Calm in the Crimea Steadies Forex Markets

As the very real threat of a sustained Russian invasion of Ukraine subsides, the Forex markets are breathing a sigh of relief. There are three aspects of Forex to consider as calm in the Crimea steadies Forex markets. First of all the rush to safe haven currencies such as the Yen and Swiss franc may taper off. Second, The Euro will likely recover lost ground as tension between the EU and the Russian Federation falls off. And, third the Russian ruble has taken a hit but may well recover once calm in the Crimea steadies Forex markets. A forth consideration is that continued Russian interference in Ukraine is likely to wreak havoc on all currencies involved.

Threat of War in Ukraine Drives Money to Safe Havens

Ukraine just went through a political crisis which resulted in its president fleeing the country and current leaders calling for new elections in May. Russia on Ukraine’s eastern border sees this as a political and even existential threat. As such Russia sent troops into the southern part of Ukraine, the Crimea with the pretext of protecting native Russian speakers from fascists (think Hitler, Germany and World War II) encouraged by the West (think President Obama, the USA, NATO and German Chancellor Merkel). Although it never was likely that a full scale war would break out in Ukraine, Forex markets were spooked and, as reported in Reuters, Forex traders fled the Ruble, USD and Euro to safe haven currencies such as the Yen and Swiss franc. As things settle down the Euro rises against the Yen and the dollar has recovered a bit.

The euro rose against the yen on Tuesday following reports that Russian President Vladimir Putin has ordered troops who took part in military exercises in central and western Russia to return to base.

The Euro Recovers on Reduced Threat of War

We wrote previously in our article, Forex Response to Violence in the Ukraine, about the huge amount of natural gas that feeds into industrial Europe from Russia via Ukraine. The flight from the Euro to the Yen and Swiss franc were not simply a matter of geopolitical jitters. If Russia continues in a military approach to relations with Ukraine Europe and North America will likely answer with sanctions. This could hurt Russia and the Ruble but also the USD and the Euro. According to, the Euro recovers as Russia backs off a bit.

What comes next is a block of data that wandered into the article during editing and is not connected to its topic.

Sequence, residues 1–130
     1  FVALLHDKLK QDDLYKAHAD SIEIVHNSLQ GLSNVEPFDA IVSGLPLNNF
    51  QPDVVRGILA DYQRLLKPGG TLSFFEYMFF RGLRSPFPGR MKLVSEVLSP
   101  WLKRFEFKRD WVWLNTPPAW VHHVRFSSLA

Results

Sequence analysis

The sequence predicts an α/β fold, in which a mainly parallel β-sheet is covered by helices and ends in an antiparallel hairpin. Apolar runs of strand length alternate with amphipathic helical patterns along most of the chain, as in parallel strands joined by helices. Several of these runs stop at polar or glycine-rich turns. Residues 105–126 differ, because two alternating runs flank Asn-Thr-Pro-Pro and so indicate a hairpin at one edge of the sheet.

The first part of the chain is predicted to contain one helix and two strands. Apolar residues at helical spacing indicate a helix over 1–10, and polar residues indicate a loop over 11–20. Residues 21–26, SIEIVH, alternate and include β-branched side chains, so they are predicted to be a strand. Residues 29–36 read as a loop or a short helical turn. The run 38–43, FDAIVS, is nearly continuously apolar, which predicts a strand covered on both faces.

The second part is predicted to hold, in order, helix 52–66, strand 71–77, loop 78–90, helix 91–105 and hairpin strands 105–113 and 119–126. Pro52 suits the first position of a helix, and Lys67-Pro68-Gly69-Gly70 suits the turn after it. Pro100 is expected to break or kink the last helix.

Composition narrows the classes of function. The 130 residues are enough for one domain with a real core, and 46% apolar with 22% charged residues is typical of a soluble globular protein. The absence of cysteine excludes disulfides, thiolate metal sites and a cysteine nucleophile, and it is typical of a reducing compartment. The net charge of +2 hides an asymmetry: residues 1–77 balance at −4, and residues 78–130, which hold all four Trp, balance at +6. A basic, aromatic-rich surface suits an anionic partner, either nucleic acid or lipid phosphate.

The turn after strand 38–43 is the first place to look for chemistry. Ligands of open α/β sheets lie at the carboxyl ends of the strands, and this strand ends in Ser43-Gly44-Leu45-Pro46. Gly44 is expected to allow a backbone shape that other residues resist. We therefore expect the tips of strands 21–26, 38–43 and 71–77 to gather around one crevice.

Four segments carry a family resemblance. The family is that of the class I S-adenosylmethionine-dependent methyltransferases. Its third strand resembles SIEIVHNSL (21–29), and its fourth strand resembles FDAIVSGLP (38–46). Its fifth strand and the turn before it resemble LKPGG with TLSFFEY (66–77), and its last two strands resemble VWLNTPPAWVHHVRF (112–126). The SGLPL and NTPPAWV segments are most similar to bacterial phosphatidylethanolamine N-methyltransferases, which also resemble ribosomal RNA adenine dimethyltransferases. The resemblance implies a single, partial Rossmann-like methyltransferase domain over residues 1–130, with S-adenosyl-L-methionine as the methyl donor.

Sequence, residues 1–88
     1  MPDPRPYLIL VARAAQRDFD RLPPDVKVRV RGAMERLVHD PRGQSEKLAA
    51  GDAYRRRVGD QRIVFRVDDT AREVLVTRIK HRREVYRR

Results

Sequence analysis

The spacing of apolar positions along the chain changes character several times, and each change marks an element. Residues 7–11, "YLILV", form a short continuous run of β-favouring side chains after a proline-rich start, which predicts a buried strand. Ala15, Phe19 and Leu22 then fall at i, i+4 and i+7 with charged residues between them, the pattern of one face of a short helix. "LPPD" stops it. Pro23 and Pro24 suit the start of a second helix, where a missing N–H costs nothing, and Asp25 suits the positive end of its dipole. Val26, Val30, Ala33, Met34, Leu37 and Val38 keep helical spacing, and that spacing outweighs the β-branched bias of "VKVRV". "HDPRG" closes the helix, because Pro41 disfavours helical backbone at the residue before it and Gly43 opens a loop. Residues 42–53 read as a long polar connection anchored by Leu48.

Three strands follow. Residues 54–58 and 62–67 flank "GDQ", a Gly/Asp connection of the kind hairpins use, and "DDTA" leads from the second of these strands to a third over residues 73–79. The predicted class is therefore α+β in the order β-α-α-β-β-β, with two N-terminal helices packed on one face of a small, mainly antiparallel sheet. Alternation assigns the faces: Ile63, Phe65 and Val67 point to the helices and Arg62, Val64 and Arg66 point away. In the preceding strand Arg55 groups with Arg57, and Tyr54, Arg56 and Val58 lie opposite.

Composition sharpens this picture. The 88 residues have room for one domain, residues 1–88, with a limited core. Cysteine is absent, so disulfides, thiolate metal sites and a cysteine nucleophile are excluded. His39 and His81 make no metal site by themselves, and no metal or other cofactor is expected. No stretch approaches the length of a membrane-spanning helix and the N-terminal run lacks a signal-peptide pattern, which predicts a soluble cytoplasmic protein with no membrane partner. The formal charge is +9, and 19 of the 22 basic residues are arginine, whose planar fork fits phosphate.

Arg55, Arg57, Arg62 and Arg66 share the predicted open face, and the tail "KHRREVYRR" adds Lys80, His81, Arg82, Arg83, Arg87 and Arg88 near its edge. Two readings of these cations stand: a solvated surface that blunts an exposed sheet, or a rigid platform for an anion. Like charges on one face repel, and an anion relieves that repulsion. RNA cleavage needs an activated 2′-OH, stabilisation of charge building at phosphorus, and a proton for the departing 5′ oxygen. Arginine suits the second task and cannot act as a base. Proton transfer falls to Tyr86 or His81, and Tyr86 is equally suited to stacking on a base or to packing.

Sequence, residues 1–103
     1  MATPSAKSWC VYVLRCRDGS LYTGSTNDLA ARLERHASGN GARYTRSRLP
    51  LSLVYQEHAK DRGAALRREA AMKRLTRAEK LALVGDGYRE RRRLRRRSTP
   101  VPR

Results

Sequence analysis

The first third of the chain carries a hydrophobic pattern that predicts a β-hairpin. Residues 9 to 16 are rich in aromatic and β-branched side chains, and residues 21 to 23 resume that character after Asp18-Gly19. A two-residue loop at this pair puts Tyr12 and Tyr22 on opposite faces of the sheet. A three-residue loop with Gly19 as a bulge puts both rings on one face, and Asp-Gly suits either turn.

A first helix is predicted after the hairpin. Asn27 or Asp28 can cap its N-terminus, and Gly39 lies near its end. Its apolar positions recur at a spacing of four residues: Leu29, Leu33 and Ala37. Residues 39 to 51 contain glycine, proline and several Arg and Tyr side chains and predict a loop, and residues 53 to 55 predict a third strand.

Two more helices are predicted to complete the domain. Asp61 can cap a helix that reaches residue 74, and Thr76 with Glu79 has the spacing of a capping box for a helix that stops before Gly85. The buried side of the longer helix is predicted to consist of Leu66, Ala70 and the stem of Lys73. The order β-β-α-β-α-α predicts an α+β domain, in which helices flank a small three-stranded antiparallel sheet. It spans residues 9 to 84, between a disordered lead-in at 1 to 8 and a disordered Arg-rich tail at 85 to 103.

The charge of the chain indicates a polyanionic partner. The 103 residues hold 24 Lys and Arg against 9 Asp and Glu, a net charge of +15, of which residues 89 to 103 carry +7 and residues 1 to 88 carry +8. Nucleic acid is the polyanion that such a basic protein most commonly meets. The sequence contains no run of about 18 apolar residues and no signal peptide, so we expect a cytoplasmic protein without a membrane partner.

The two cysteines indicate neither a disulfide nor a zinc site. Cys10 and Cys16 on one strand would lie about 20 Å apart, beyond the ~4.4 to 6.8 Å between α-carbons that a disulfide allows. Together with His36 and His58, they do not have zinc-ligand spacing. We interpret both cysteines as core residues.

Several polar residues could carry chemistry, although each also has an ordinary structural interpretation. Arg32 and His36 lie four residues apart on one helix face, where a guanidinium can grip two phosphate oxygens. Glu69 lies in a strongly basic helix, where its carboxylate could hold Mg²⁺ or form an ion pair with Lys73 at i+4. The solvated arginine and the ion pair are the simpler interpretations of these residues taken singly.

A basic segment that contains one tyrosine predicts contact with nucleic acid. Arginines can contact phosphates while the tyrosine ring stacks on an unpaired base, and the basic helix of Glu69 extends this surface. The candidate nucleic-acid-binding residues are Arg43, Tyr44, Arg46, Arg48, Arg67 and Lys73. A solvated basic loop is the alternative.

Market sentiment was boosted after Russian President Vladimir Putin said a military deployment in Ukraine is not needed now…

How about Russia and the Ruble?

Mr. Putin and Russia want to exert a degree of influence or perhaps direct control over Ukraine. However, Russia has a lot that it could lose if things go badly. Russia is the largest producer of natural gas and oil after the USA. It supplies a third of Europe’s energy needs. And Europe supplies Russia with lots of money in return for oil and natural gas. If worse comes to worse in Russia and especially in the Crimea, the Ruble and the Russian economy will suffer according to Radio Free Europe.

The Russian ruble has plummeted to a record low against the U.S. dollar as the Ukrainian crisis revives Cold War-style tensions. Here are four things to know about the ruble’s fall, and where things might go from here. How much has the Russian ruble fallen in recent days? Russia’s ruble fell to a record low of below 36.4 to the dollar and below 50 to the euro for the first time on March 3.

Forex traders may wish to remember just how much Russia and the Ruble stand to lose if the Russian Federation continues to muck around in the Ukraine. If the situation does not right itself we may see an unbridled rush to safe haven currencies, especially from the Euro and Ruble. As calm in the Crimea steadies Forex markets it may only be a prelude to the storm.